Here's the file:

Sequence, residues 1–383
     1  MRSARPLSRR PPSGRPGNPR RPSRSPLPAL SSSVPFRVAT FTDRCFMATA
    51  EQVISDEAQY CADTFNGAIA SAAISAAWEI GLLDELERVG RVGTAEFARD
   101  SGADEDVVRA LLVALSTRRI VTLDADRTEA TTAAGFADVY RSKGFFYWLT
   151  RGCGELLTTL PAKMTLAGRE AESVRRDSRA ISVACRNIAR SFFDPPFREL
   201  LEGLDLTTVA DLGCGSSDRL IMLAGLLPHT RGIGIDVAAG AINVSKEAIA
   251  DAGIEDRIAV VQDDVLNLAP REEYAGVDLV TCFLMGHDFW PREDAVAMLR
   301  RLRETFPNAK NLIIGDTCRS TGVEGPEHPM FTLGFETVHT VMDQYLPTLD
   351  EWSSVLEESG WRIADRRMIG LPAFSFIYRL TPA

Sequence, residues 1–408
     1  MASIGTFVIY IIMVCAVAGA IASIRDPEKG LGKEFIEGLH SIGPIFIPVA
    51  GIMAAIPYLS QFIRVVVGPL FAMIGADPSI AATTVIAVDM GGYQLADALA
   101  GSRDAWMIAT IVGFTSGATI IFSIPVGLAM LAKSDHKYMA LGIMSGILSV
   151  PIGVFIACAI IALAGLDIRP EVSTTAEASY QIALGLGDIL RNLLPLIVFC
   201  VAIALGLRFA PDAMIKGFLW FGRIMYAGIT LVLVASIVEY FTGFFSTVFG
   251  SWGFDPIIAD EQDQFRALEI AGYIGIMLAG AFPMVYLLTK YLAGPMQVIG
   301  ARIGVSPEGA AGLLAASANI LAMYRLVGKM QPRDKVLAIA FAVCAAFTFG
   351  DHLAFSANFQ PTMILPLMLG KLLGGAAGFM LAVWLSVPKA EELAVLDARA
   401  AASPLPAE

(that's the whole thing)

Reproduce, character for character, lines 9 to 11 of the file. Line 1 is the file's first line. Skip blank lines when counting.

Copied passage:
   351  EWSSVLEESG WRIADRRMIG LPAFSFIYRL TPA

Sequence, residues 1–408
     1  MASIGTFVIY IIMVCAVAGA IASIRDPEKG LGKEFIEGLH SIGPIFIPVA